After a year of unsuccessful job hunting, I decided to make a drastic change. I moved to a new country to start over. Later, I realized that upgrading my resume would have probably been enough. Living more than a year in Bulgaria, I’m glad I made that decision.
After I settled in my new home, I didn’t want to waste any time. I went on all the job boards I could find and started applying. 2 weeks passed and the awful feeling of “I’m not good enough” began to creep in. I looked at my resume and felt even less motivated.
At that moment, I realized that it needs a serious upgrade. I went online and started looking for some resume templates. What stood out was a resume of Marissa Mayer created by Enhancv. As she’s always been an inspiration to me, I wanted a resume like this.
“What are you most proud of?”
When I landed on the “New Resume” page of Enhancv, it was the first time that I didn’t feel intimidated by an empty page staring right back at me. The page was filled with suggested sections, including bullets with questions. What caught my eye was the Most Proud Of section. While trying to answer what I’m most proud of, I replayed some of my life’s biggest events. Moving to new countries and managing to adapt quickly, or changing my lifestyle to cure my Psoriasis. I wrote it all into my resume.
I had never asked myself what makes me proud and why before. The process of answering this for myself not only boosted my confidence, but also helped me reflect on some of the most difficult situations I’ve gone through and outline the lessons I learned. I loved what I discovered.
With very little work experience I never thought of myself as an ambitious person. But when I reflected on moving to Bulgaria because I believed things will change and I’d find a job where I can grow and learn, it became clear that I was.
Other personality traits I discovered were persistence and discipline. In my life, I’ve tried different sports, even started learning to play the guitar. I never became good at them, nor did I continue. Which made me think I’m not a persistent person. But reflecting on my journey with Psoriasis, the opposite appeared to be true.
“What was the outcome of your involvement?”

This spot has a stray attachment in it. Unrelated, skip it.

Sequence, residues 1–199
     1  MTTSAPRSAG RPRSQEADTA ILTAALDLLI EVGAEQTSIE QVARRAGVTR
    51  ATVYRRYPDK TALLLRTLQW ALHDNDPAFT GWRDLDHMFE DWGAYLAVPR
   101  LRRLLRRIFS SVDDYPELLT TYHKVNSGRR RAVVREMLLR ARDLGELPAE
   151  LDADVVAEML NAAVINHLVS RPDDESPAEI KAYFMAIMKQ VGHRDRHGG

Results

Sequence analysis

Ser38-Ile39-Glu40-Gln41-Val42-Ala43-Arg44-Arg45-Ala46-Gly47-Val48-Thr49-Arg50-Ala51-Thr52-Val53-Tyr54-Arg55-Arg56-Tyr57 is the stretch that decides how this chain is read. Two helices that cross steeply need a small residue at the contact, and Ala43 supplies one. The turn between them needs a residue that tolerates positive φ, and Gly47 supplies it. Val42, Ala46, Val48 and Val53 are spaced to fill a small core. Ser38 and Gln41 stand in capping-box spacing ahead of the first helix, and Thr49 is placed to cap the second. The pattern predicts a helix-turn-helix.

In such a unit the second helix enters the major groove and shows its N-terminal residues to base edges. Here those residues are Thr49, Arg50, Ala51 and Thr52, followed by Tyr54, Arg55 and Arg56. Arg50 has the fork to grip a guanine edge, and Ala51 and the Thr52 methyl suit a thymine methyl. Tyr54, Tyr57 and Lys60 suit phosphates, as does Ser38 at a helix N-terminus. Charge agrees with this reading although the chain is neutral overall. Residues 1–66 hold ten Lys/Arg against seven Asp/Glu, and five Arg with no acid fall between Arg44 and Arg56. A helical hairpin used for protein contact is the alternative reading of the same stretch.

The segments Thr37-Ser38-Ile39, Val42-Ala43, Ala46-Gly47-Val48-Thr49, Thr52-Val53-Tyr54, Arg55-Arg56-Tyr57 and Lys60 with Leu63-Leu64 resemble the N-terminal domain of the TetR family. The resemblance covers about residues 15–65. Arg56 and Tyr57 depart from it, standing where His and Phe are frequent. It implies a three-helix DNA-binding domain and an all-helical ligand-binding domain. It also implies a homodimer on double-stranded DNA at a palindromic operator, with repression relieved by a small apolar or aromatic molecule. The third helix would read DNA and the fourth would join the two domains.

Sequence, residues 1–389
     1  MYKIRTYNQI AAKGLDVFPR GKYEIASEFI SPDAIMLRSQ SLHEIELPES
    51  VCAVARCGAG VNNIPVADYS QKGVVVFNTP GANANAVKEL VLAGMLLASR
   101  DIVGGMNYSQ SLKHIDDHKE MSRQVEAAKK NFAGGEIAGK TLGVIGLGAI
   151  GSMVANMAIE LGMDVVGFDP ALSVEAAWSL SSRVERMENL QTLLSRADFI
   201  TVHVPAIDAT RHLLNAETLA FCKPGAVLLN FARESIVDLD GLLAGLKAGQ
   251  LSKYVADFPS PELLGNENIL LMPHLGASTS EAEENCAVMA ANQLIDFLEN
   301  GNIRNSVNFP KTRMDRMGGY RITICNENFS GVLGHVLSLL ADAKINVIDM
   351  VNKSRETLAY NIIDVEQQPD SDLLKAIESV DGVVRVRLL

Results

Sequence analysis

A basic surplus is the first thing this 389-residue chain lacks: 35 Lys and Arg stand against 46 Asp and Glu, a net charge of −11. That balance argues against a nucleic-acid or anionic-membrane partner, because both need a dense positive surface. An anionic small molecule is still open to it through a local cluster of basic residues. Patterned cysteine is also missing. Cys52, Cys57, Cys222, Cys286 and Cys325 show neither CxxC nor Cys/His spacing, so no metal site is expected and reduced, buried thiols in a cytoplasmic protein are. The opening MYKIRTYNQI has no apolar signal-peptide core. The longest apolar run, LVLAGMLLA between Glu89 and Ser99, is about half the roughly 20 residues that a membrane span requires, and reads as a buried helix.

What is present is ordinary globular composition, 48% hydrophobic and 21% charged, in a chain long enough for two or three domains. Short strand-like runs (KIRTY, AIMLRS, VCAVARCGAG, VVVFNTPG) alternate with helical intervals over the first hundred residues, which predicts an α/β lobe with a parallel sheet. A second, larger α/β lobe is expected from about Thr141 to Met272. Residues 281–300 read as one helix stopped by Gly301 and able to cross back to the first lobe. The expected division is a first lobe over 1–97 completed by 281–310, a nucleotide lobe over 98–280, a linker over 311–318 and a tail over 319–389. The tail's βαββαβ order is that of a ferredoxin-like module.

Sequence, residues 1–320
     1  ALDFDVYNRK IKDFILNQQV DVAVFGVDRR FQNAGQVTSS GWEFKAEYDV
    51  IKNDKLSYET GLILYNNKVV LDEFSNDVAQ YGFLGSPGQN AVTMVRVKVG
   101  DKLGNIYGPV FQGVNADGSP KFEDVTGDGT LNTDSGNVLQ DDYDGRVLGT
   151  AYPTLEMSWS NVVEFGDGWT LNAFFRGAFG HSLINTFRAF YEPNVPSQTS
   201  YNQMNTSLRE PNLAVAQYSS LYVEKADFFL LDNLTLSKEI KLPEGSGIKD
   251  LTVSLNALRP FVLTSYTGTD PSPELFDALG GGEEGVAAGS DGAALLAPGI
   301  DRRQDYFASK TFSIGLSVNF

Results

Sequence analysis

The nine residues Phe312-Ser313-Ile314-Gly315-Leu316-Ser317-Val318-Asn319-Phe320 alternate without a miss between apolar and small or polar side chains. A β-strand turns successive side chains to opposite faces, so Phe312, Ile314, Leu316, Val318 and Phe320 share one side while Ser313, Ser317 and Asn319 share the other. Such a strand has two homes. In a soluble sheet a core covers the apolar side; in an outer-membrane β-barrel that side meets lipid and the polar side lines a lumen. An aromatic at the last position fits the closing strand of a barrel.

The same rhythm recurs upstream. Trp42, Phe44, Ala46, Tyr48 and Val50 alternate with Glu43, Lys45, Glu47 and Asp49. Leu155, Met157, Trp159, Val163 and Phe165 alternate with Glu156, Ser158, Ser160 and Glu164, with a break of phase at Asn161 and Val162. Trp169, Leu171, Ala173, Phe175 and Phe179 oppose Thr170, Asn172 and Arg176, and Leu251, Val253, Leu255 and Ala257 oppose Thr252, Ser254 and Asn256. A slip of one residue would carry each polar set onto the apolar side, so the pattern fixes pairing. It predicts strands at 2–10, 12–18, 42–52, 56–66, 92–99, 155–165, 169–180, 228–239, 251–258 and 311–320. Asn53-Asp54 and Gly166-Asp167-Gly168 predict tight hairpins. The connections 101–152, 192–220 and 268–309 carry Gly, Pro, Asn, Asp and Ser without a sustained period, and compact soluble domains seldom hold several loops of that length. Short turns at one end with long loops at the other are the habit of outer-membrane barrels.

This question appeared in bullets of the experience section. While trying to answer, I suddenly viewed my previous roles differently. In my mind, I went back to all my previous positions and thought about what I did day to day. I checked my emails, the bullet journal I kept while working there, and everything else that could provide more details. I suddenly remembered new things about my involvements and realized that I learned much more than I thought.
The boring bullet “Social media research” turned into “Developed a Social Media Posts plan and increased Twitter followers by 150 within 2 months.” It went through each bullet point like that. Even though my experience section became shorter, after comparing it to my old resume it was obvious that it had become more impactful.
“What are you passionate about? What motivates you?”
Back when I was about to graduate, I went to the University’s career center with my resume for feedback. They told me to remove my hobbies or any details about my free time. Apparently, “employers don’t care about that.” I came home and deleted anything connected to my passions, thinking that my resume was better. The problem was that I felt there was nothing that stood out and it didn’t make me feel proud of myself or my accomplishments.
Looking at the resume of Mayer, I changed my mind. Because I only had a handful of internships up my sleeve, I needed to fill up the space and stand out. I shared what my favorite books are, what I do in my day, and my passions.
Thinking about these, especially my usual day and what I dedicate most of my time to, helped me realize that I’m actually trying hard to spend my days proactively and grow as both professional and an individual. I believe that’s something every employer is looking for.
“Passions demonstrate that this person has a learning attitude, they have a growth mindset, they want to experience new things and generally improve in some way.” ~ Ewa Zajac, Intercom
“Suddenly, I felt proud of my resume”
After I finalized my new resume and compared it to the old one, I felt a surge of pride and confidence. It wasn’t just because of the clean design, the content made the difference. As a junior marketer, I felt I didn’t have anything to put on my resume and nothing I had done seemed special. But the time I spent considering what to put in each section ended up being an unexpected bit of self-discovery. Suddenly, everything from who I was as a person to what I had done in my previous positions was more dynamic, interesting, and impactful.
My new resume gave me the right amount of confidence I needed, especially after a year of unsuccessful job hunting. Ultimately, I think it played a key role in getting me the job I have now, a job I love.